Facebook, the wildly popular online social networking service, and the home where you eat, sleep and raise your family don't provide the same level of privacy -- and that's not unreasonable.
Debate has flared up again between advocates of greater privacy on Facebook and people who believe that as long as you are careful what you post and you have nothing to hide, you don't have to worry about who sees what you are writing.
Employers who ask job applicants for the passwords they use to log in to Facebook are going overboard. Such a practice is being condemned, and rightfully so. It is especially egregious because the applicant's friends and acquaintances on Facebook, who are not a party to the job search, would have their privacy compromised as well.
But while privacy is important in online social settings, standing up for personal responsibility doesn't mean you are against online privacy.
If I wanted to stay in my house forever -- never to come out again -- I could, and my privacy would be intact. And I could do whatever I want inside my house. That's my territory. I control what it looks like, how it functions and what I do inside it.
Facebook is entirely different. Mark Zuckerberg and his buddies in Menlo Park, Calif., call all the shots. They get to decide what the environment looks like in my Facebook world. They create the arena in which I chat with my friends, play with apps and like websites, companies and causes. They monitor and track everything I do inside their world -- and they make a lot of money because of the practice.
"Users' willingness to share information is a key part of Facebook's business," reports The Washington Post. "The site makes the bulk of its money from ads that target users based on their personal information."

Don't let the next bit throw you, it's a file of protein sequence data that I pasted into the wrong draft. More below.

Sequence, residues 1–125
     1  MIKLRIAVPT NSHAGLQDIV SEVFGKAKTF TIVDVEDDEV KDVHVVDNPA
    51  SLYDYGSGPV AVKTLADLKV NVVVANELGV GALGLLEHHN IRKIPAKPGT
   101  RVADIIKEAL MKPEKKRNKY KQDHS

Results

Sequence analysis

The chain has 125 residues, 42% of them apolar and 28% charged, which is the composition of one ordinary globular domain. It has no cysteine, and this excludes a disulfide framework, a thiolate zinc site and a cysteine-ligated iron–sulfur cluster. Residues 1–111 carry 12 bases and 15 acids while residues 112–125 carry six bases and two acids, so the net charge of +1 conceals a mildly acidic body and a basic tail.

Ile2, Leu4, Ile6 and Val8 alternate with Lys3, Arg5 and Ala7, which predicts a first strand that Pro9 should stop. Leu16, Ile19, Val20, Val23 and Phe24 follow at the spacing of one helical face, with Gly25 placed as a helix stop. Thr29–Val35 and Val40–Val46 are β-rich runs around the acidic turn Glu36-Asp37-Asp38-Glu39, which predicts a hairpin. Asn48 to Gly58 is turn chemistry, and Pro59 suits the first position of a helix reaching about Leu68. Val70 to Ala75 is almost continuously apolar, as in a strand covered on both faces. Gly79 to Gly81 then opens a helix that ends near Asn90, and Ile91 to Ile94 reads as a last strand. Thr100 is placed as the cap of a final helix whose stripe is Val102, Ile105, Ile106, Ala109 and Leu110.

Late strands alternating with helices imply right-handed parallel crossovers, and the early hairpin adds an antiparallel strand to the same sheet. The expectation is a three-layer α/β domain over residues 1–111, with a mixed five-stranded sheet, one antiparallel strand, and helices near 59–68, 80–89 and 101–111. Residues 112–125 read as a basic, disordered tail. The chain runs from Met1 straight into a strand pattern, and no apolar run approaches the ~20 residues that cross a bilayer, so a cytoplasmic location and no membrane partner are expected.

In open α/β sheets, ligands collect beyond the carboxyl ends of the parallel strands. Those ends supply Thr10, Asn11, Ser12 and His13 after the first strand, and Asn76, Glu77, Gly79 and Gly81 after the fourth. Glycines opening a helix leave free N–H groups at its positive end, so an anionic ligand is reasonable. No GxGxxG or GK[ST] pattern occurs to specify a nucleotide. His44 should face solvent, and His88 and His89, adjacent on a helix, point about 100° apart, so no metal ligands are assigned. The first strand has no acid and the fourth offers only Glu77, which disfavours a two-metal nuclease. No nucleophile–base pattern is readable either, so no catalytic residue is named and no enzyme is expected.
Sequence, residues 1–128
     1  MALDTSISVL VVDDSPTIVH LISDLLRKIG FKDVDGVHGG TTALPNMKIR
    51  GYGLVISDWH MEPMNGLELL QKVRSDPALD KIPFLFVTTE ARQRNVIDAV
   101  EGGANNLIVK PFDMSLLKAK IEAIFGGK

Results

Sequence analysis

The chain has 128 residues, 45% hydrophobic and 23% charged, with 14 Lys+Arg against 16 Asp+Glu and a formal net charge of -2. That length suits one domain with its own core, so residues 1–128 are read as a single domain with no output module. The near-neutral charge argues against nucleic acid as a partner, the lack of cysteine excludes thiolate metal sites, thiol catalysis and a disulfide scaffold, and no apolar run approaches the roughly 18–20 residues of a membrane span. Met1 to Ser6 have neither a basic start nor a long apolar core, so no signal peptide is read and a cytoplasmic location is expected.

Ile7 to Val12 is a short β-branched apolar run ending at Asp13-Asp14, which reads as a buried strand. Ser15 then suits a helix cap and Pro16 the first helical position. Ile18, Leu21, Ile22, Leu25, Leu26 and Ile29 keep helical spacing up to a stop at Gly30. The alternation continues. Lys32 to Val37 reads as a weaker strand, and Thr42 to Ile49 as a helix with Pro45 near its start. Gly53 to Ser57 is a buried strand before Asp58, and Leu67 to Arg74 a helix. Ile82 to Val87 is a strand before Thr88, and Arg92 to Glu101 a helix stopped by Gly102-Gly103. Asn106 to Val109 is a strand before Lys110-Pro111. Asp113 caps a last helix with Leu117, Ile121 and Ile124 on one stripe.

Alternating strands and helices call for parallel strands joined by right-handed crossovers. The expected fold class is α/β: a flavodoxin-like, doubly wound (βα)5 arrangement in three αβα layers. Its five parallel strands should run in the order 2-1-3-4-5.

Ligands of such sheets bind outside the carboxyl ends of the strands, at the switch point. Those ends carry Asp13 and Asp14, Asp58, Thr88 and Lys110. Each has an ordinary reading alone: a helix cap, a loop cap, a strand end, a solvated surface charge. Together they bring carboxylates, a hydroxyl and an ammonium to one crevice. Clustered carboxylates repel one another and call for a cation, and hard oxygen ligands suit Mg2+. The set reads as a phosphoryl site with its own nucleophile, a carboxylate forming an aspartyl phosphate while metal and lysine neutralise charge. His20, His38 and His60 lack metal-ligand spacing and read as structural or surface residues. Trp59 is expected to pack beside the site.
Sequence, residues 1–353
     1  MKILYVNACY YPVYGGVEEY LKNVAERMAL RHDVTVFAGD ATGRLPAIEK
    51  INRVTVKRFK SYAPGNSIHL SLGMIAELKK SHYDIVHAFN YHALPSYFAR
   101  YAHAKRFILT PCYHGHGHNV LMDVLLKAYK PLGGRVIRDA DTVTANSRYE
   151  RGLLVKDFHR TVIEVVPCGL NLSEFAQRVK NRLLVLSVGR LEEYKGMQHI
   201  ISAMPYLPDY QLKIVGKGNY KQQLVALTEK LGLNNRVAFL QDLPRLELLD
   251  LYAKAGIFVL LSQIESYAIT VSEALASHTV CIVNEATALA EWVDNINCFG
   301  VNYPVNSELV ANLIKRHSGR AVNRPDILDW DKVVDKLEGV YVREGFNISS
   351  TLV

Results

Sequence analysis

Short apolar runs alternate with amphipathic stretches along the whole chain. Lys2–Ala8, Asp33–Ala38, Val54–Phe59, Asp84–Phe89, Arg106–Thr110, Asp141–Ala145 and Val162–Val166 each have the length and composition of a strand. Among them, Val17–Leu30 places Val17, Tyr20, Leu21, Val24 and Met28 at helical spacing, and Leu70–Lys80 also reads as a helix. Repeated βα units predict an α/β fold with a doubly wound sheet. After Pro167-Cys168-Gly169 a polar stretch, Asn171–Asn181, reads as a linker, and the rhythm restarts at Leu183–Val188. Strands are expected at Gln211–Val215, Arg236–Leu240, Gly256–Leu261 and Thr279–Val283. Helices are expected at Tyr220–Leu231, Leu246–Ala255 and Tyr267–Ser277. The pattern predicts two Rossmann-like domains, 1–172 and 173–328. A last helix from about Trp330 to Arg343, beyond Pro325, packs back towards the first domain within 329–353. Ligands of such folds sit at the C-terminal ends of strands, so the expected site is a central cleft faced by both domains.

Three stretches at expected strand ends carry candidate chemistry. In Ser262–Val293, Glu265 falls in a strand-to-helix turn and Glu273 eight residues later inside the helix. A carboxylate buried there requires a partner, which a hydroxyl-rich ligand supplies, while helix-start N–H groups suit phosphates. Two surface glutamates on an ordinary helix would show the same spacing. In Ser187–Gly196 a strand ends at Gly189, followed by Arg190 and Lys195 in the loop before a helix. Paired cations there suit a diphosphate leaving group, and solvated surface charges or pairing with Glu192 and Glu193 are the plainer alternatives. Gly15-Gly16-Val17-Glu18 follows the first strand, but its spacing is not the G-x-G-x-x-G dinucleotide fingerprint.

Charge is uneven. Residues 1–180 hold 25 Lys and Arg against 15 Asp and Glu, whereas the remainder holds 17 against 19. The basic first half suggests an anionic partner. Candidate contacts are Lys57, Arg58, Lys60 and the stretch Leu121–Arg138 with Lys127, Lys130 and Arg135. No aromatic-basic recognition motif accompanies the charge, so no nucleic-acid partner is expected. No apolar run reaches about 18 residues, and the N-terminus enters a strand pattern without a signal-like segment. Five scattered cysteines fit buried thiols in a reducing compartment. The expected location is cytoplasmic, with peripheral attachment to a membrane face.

The point is that there's nothing truly private about Facebook. The social network is keenly interested in everything you do, watch, read, play and buy so it can make big bucks serving you ads. Users need to know this and understand that their Facebook account isn't something they actually own and control.
The answer is to avoid over-sharing personal information on the site or anywhere else online.
If you're smart, you'll curate your digital presence and keep your preferences to yourself. Just for fun, you could even game the system and change your city, birth date and other personal data wherever you have shared it just to mess with all the many big businesses -- even outside of Facebook -- that perform data mining and profiling because they know they can profit by knowing more about you.
The recent debate involves the practice of some companies asking prospective employees to hand over their Facebook login credentials. It's crazy and one has to wonder why anyone would entertain the thought of working for an enterprise that would do such a thing.
But to look at it from the other side for a moment, it is also worth considering this: Should someone working for the FBI or CIA hand over a Facebook password? Should a teacher who has been accused of inappropriate communication with students? How about sex offenders who are looking for their first jobs out of prison?
Some people might consider asking those types of applicants for their Facebook logins to be appropriate. So, it is not a clear-cut issue.
In the meantime, the discussion around the topic has been lively. A recent post of mine discussing the prospective employee issue addressed how you can make it a non-issue by being careful what you post online.
A peer criticized that stance as missing the point about the current privacy debate. But, it is worth remembering that your Facebook account and your home aren't the same thing -- not even close.
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